Oculus Go puts VR on the head of anyone with an extra couple hundred bucks lying around, but what if you already have a Galaxy phone? Is Oculus Go better than Gear VR at double the price? Let’s find out.

What is Oculus Go and How is it Different Than Gear VR?

First things first: let’s talk about what Oculus Go is. To put it as simply as possible, it’s a fully standalone VR headset that runs Android. It’s not quite as powerful as something like the Oculus Rift—but it’s also half the price.

At its core, the Oculus Go is very similar to Gear VR, which is Samsung’s collaboration with Oculus to bring VR to its Galaxy smartphones. Gear VR and Oculus Go run the exact same software—the main difference is that Oculus Go works on its own and Gear VR is completely powered by your phone.

In other words: one ties your phone up while the other one doesn’t. Past that, these two are pretty similar. Also, if you don’t already have a Samsung phone (and don’t plan on getting one), then obviously the Oculus Go is going to be the better choice.

So, we’re mainly looking at which is the better choice for people who have a Samsung phone and are debating the options. Let’s take a closer look at those details.

Fit, Feel, and Hardware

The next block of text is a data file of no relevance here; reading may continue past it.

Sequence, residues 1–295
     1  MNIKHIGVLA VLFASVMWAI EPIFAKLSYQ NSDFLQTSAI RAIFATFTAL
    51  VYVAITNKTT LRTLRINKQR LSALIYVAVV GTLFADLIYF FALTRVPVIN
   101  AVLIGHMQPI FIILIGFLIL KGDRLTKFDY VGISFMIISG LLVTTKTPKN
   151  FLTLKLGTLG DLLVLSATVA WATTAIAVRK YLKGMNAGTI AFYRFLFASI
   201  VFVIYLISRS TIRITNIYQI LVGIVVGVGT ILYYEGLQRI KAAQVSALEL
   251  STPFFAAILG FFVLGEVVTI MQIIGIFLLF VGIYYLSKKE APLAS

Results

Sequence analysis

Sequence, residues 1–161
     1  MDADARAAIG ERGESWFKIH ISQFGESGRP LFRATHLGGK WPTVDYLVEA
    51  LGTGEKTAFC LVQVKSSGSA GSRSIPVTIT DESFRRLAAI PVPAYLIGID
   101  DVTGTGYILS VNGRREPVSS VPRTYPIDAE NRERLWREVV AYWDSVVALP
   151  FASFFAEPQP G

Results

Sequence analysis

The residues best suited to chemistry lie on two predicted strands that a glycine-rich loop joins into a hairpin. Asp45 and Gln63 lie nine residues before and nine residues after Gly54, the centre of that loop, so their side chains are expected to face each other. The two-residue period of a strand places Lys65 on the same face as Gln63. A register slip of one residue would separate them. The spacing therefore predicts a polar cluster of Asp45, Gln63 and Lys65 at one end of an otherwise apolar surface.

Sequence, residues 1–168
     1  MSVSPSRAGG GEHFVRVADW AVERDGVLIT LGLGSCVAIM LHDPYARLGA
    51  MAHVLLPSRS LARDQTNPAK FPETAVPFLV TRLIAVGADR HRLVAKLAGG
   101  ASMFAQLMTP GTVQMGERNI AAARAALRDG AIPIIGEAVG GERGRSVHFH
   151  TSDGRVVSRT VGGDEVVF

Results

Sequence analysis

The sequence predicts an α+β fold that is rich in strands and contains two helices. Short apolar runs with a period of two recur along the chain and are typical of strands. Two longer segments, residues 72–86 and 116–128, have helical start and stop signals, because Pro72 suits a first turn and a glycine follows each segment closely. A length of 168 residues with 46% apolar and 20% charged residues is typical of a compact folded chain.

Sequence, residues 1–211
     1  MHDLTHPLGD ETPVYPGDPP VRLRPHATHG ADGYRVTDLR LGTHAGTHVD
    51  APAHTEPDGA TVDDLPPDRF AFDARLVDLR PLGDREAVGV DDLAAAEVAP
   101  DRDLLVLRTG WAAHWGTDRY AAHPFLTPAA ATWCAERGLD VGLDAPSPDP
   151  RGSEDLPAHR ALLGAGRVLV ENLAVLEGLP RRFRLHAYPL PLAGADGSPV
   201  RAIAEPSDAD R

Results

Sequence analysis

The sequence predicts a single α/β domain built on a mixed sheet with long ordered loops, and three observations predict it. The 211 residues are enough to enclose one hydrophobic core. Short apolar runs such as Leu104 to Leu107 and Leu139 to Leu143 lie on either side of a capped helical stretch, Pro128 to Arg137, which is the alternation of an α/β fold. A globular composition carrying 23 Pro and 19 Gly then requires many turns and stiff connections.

When placed side by side, the Gear VR is a much larger headset. It makes sense, because it has some of its own internal hardware and it has to make room for you to stuff a phone into it.

Oculus Go, on the other hand, can be much more compact because everything is housed internally. That also makes it slightly lighter than Gear VR (when there’s a phone in the Gear VR, that is). Oculus Go weighs around 466 grams, and Gear VR is 503 grams with a Galaxy S9 mounted inside it. If you use the S9+ or Note 8, it’s going to be even heavier.

That may not seem like a big deal, but when you strap over a pound of weight onto your head, it gets heavy pretty quickly. The lighter the headset, the better.

When it comes to fit, both headsets are pretty comfortable, but the Oculus Go offers a bit more flexibility. For example, it ships with an add-in spacer for those who wear glasses, which pushes it out a bit further. The Gear VR, on the other hand, is supposed to just “work” with glasses, but it’s still not a great experience.

Similarly, if you’d rather not wear your glasses while using Oculus Go, you can buy prescription lens inserts for it, which is just wild. No need for glasses and you can still see everything. That’s cool.

Then there are the hardware differences. Gear VR uses your phone’s speakers for audio output (you can also wear earbuds), where Oculus Go has small speakers placed on the sides of the headset right around where your ears should fall. This is a great solution for an immersive experience without having to plug your ear holes with earbuds (though if you want to, Go also has a 3.5mm headphone jack).

The VR Experience

Both the Oculus Go and Gear VR run the exact same Oculus software, and provide access to the same Oculus Store. So, the interface is the same, the available titles are the same—honestly, the whole experience is pretty much the same.